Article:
13. A reader just recently sent me a letter about the rice pudding being too runny, so I ran into the kitchen, made a batch and found that, because of the typo, the timing was off by a lot. Aaarrrgh! It's not as crucial if you're making chocolate rice pudding because when the chocolate cools it thickens the pudding, but without it ... Happily you're right about the taste: runny or thickened it's good! Dorie
  14. Colls509, I'm so glad you made a bunch of the Spoon Desserts -- they're real favorites of mine, but I don't hear about a lot of people making them. There's going to me an article about them in the May-June issue of Cottage Living and I was thrilled when they chose to spotlight these recipes. It's funny, you had the puddings fireside -- which is perfect -- and Cottage Living saw them as right for spring-summer -- also perfect. A heads-up on the Rice Pudding -- there's a typo in the recipe: you need to cook the rice for about 50 minutes to have it absorb about 80% of the milk.
  15. Wow -- both the dacquoise and loaf look great -- I love the dacquoise as an individual serving. Prasantrin -- as a buttermilk substitute, I'd mix together 2/3 cup nonfat (or low-fat) yogurt and 1/3 cup milk (nonfat or low-fat) and substitute it for each cup of buttermilk. Hope you like the muffins.
  16. Lindacakes -- yes, you can make a bundt cake in a tube pan. The important thing with these cakes is the hole in the center; the swirls, curves and patterns are just the pretty things. Renee, thank you for sharing my blog address. I'm very new at this cyberspace thing, but I'm having great fun with it. Now, if only I had an extra few hours in the day ...
  17. Really like the potato-masher patterned chocolate-peanut butter cookies and the Mardi Gras tart is stunning! Coll 59 -- it's great that you're working -- oh, why can't we say playing? -- your way through the Bundt section -- it's one of my favorites. And isn't the gingko-effect fun! Emmalish -- I love the expression "ridiculously chcolatey " -- wouldn't it make a good title for a cookbook?
  18. Freddurf -- this is probably too late and maybe not even that helpful, but ... I've never left buttercream out overnight, but I have chilled it, heated it just enough to mix it, then mixed it like mad until it returned to its original consistency, which it does after going thru an extremely ugly period. Lia -- great that you're happy with the loaf. It's good that you waited to taste it, most loaf cakes, and the chocolate-banana cake is one of them, like to have a day to ripen. The overnight rest gives the flavors a chance to settle in and for the texture to become its best self.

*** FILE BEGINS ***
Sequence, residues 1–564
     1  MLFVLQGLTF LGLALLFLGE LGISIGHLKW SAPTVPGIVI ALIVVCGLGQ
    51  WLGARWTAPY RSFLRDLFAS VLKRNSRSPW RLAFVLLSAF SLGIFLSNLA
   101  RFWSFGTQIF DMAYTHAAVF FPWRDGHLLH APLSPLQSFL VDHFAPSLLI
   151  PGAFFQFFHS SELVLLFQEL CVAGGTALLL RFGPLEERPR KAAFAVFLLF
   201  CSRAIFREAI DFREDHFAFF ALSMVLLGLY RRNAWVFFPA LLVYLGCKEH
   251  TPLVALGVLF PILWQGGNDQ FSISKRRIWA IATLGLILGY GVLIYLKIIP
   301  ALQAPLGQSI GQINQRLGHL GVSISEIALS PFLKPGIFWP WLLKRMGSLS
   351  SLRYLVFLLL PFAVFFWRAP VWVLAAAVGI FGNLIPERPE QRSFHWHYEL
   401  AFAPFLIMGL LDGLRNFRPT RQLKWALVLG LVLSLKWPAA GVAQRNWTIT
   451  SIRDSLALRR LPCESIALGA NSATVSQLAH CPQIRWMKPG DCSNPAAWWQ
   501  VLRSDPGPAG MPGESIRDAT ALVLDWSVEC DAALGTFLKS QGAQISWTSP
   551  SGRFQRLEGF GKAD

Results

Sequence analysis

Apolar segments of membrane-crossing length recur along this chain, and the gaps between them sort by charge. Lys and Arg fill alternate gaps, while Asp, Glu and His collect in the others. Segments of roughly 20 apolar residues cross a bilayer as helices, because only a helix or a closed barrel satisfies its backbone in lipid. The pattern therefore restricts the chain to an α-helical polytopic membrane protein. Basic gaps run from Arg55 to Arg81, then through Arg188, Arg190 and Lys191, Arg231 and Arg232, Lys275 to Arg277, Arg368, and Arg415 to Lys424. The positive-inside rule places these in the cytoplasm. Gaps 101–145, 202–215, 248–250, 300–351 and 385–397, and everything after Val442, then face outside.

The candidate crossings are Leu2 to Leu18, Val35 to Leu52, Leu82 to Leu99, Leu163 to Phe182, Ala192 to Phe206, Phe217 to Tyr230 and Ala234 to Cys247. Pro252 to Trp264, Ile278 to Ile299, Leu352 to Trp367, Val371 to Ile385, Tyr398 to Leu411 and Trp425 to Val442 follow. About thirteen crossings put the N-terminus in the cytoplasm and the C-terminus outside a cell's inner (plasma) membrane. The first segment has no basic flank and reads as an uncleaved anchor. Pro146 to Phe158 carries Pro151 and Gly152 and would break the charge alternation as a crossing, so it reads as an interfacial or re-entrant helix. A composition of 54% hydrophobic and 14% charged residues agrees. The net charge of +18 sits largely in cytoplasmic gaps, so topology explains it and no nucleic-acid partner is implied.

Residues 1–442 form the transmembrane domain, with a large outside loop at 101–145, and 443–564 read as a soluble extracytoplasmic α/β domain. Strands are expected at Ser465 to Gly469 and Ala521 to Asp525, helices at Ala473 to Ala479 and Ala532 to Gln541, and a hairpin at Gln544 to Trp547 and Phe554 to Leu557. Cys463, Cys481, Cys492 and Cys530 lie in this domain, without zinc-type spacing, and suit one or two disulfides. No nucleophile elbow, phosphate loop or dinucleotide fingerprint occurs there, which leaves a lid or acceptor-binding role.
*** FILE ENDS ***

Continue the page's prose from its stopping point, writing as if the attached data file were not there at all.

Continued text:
19. Colleen, Here are a couple of possibilities: You can make the whole tart tonight, cool it completely, cover it and refrigerate it overnight. Tomorrow, pull it out of the refrigerator about an hour before you're going to serve it. You'll lose just a little by chilling everything overnight, but you're still going to have a fabulous dessert AND you're going to be calm for mom's birthday. Or, you can make all the pieces of the tart and assemble it tomorrow. Bake the crust and keep it uncovered at room temperature. Make the ganache and keep it in the fridge -- follow the directions for re-warming it in the microwave tomorrow. Make the caramel, cool it and keep it covered at room temperature overnight. Tomorrow, warm the caramel in the microwave (look at the directions in the book), fold in the peanuts and spread it over the crust. Chill the assembled tart for 30 minutes, then let it sit out while you get the table ready. Hope this helps and really hope that you and mom enjoy it.
  20. Welcome Barbara! I hope you're going to really, really enjoy baking from the book. Lisa Antonia -- I can't explain the texture of your bars, but I think that cutting militarily precise bars is hard because the cake is soft and the apples are, as you said, irregular. Fortunately, this is not a dessert in which looks count for much -- I think the taste makes up for any raggedy edges.
  21. There are times when the type of cocoa powder that you use will make a difference, but it is not a problem with the World Peace Cookies. I usually have Droste Cocoa, a Dutch-processed cocoa, in the cupboard and so that it what I use most often. When I have ScharffenBerger or Valrhona cocoas, I use them and have liked them most. That said, friends have given me World Peace Cookies made with natural (non-Dutched) cocoa from the supermarket and we've polished off the batches happily.
  22. Toliver, there's no problem with doubling the recipe -- I do it all the time. So glad you like the cookies.
  23. I certainly understand why anyone would be willing to give up the last of their most treasured chocolate for World Peace Cookies -- they're pretty swell. I've often thought that if (heaven forbid) Pierre Herme, the cookie's creator, did nothing else he would deserve the Legion of Honor medal for these alone. Actually, I always use the best chocolate I've got in the house when I make these cookies becuase I think they deserve it! Toliver, about your cookies -- I'm assuming they were thin, yes? I have had the cookies seriously flatten out on me when the oven was too hot. Check that your oven is really at 325F. Also, even if you're in a hurry, these are best made one sheet at a time. An idea for getting more cookies out of the recipe: Instead of cutting the cookies thinner, divide the dough into thirds and make three skinny rolls instead of two chubbier rolls, then cut the dough into the regular 1/2-inch thick rounds to bake.
  24. Badiane, it's never a good idea to drastically reduce a basic ingredient in a recipe, and cutting the sugar in half is pretty drastic. I'm really not sure how the cake would come out with only half the sugar, since the sugar affects the texture of the cake as well as the flavor. If you've got more willpower than I have, you could keep the full amount of sugar and eat only half the amount of cake.
  25. Reading the thread made me want to bake a banana cake, but I'm in worse shape than emmalish -- I've only got 1 banana! I walked into the kitchen just in time to see our son take the last bite of the second banana! I'm glad you like the banana bundt Badiane -- so do I! It's what I would make if I had more bananas or the oomph to go out shopping. Looks like it's going to wait until the weekend.